Marriage is a sacred arrangement, bringing together two individuals who love one another. At least that’s the dream. Yet polygamy is pretty popular, and two Canadian men took it to an extreme. How did they acquire 29 wives?
“Mawwiage. It’s what bwings us together today. Mawwiage, that bwessed awwangement, that dweam within a dweam. And wove, twue wove, wiww fowwow you fowevah and evah.”
These were the introductory words of the Clergyman during the famed marriage ceremony in the climax of The Princess Bride. That blessed arrangement, that dream within a dream. Yet some dreams come true over and over, or 29 times to be exact for two Canadian men. Polygamy is alive and well… apparently.
Let us consider how this came to pass. What happens when the blessed arrangement of marriage doesn’t work out as well as originally intended? What about when laws dictating religious marriage practice are against the laws of the land? Join us down a polygamy rabbit hole that is the lives of Winston Blackmore and James Oler. They certainly have raised the bar.
A recent study from The Knot found that weddings have, on average, 136 guests. Seems a pretty reasonable number, doesn’t it? What about when you have 24 wives? Too many? Well, then, five wives surely must be more reasonable?
The two men — Blackmore and Oler — are the first pair to be convicted of polygamy in Canada since the last recorded incidents in 1899 and 1906. Canada legally forbids a person already married from entering another marriage. Oler had five wives and Blackmore had 24, for a grand total of 29 wives. Aside from polygamy being illegal, in Blackmore’s case, the weddings took place between 1990 and 2014, with some of the women being as young as 15 when they were married.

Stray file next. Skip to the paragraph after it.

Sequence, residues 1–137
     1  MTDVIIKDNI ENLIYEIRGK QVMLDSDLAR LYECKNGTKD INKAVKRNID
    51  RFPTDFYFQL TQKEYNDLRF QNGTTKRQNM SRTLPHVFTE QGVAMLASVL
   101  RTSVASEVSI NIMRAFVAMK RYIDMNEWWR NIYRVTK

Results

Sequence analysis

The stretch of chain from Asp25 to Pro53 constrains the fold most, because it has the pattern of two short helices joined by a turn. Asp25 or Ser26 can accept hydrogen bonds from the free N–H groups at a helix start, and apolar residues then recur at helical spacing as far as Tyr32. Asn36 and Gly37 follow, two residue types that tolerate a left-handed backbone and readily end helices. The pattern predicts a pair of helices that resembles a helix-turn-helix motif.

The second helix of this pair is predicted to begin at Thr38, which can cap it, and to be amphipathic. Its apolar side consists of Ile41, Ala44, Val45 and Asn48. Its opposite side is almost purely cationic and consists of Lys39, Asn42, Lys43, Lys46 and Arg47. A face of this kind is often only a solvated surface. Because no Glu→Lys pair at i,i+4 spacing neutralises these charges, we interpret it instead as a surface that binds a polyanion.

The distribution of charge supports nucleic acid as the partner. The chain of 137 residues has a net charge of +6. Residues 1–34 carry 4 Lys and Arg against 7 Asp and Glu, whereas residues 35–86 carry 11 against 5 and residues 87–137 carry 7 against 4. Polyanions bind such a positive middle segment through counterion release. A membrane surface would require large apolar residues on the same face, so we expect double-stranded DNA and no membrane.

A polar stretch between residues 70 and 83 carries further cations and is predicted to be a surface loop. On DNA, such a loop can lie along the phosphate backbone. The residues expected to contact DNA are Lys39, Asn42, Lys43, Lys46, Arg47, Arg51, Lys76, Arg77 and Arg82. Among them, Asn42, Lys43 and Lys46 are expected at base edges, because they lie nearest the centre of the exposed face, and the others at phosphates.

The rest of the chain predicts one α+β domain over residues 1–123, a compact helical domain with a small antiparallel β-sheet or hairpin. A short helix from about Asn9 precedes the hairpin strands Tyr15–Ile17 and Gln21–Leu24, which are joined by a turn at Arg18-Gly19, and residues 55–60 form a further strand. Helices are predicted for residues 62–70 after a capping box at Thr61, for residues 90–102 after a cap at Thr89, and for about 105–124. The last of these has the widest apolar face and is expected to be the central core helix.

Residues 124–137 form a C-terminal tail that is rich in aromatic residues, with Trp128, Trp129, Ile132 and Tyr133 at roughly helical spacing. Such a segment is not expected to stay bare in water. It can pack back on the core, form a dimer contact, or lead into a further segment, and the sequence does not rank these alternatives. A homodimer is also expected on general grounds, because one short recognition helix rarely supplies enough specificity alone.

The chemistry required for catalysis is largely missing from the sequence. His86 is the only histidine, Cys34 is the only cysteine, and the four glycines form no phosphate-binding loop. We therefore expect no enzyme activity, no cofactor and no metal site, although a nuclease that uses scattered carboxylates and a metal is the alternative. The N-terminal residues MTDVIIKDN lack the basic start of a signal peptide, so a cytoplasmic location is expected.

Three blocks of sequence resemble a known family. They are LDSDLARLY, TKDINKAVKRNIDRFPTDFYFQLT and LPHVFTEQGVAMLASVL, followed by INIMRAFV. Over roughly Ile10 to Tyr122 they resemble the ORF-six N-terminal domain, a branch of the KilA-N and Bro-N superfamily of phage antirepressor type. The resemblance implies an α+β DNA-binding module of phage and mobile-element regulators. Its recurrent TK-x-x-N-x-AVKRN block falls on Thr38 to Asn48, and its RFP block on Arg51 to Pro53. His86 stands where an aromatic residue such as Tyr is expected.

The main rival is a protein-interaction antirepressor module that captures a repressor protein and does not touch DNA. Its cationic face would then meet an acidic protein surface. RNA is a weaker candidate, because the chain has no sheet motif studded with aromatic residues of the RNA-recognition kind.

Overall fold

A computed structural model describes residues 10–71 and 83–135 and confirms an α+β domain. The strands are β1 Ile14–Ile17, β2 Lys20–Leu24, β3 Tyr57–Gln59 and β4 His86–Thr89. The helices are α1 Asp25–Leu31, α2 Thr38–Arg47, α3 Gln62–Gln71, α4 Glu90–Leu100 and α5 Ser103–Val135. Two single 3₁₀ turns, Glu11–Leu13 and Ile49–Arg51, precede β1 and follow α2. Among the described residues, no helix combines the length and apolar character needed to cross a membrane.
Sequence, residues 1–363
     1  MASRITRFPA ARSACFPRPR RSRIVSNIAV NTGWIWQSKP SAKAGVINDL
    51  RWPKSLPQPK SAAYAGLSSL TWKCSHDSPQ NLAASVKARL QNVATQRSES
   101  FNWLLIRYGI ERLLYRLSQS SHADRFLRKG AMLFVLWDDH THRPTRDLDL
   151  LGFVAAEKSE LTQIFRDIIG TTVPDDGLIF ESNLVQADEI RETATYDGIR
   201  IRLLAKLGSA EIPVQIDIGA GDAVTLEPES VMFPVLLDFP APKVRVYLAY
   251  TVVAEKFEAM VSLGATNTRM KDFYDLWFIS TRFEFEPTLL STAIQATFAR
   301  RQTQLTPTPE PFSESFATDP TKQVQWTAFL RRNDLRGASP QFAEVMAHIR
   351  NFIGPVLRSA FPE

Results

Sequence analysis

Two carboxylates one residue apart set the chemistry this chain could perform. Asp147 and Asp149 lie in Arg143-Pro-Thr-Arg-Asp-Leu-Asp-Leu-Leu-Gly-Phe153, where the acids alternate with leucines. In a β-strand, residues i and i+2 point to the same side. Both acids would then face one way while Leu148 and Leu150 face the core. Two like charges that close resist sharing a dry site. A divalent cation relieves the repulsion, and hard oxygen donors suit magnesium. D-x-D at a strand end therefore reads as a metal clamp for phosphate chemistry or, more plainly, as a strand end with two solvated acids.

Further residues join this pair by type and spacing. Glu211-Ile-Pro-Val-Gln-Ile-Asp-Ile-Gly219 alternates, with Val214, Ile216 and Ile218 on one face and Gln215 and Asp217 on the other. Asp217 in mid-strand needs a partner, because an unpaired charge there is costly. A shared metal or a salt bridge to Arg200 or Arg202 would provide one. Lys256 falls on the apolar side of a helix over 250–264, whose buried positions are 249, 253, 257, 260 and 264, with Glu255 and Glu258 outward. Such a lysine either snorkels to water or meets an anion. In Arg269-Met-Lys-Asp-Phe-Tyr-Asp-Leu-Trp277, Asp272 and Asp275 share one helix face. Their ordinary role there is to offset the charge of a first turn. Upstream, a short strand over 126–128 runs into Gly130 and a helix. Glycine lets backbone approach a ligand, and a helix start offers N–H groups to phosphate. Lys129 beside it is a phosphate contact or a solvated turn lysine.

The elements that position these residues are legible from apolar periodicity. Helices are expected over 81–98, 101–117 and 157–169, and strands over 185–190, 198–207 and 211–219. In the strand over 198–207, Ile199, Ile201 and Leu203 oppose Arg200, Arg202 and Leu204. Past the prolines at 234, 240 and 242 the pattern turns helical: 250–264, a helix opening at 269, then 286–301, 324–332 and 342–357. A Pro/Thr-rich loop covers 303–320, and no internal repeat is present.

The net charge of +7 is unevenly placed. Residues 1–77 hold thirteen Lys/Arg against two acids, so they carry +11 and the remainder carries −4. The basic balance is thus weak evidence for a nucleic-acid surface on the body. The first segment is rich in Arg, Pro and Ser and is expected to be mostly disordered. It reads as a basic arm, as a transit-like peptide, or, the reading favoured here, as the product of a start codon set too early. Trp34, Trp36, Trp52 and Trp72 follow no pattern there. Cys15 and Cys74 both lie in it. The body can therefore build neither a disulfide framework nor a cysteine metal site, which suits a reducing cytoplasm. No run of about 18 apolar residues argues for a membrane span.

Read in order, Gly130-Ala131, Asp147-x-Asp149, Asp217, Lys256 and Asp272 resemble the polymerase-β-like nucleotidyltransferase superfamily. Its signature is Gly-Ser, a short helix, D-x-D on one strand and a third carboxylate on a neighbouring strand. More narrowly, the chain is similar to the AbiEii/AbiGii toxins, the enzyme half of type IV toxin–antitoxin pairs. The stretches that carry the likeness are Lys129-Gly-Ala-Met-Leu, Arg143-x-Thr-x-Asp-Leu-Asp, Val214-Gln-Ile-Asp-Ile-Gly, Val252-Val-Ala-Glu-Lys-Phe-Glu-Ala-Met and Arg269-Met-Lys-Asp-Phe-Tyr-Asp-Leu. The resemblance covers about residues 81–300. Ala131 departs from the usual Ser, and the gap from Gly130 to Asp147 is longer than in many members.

This case is unique for a couple of reasons. It’s not something the legal system has had to deal with for over a century, and it’s part of a religious system accepting of having multiple wives. More than 33% of renters move every single year, but Blackmore and Oler stayed put. They planted deep roots in a community of about 1,000 people in British Columbia who are part of the Fundamentalist Church of Jesus Christ of Latter-Day Saints. A crowd of supporters greeted the men when they were brought into the court. Among the supporters were wives and children, who protested their innocence.
Furthermore, the judge in charge of the hearings found that the men were utterly unrepentant of their charges. In fact, they saw nothing wrong with their lifestyles: “I’m guilty of living my religion and that’s all I’m saying today because I’ve never denied that,” Blackmore told reporters.
In court, when challenged, he had difficulty naming all of his wives, to the point of forgetting one entirely. You can’t make this stuff up.
“He’s made it clear that no sentence will deter him from practicing his faith,” the judge said of Blackmore. “The concept of remorse is foreign to him in this context.”
The maximum sentence for polygamy under Canadian law is five years in prison. Aside from this violation, Oler and Blackmore were known community members, law-abiding citizens, hard workers, and prolific contributors to their area. The judge was lenient in her sentencing. Oler was sentenced to three months of house arrest and 75 hours of community service. Blackmore was sentenced to six months of house arrest and 150 hours of community service. Both men are on probation for 12 months but have stipulations which allow them to leave their homes for work and medical emergencies.
Combined, Blackmore and his 24 wives have 149 children. There is video footage (16+ minutes) of many of his children speaking in his defense, upset about their father’s punishment. While the men didn’t receive the maximum possible sentence, the judge couldn’t expunge their convictions wholly, given the nature of their crimes.
In this strange story, the fundamental rift between religion and law is importantly underscored. Practice notwithstanding, at some point you’ll have to answer to powers on earth before powers in heaven.
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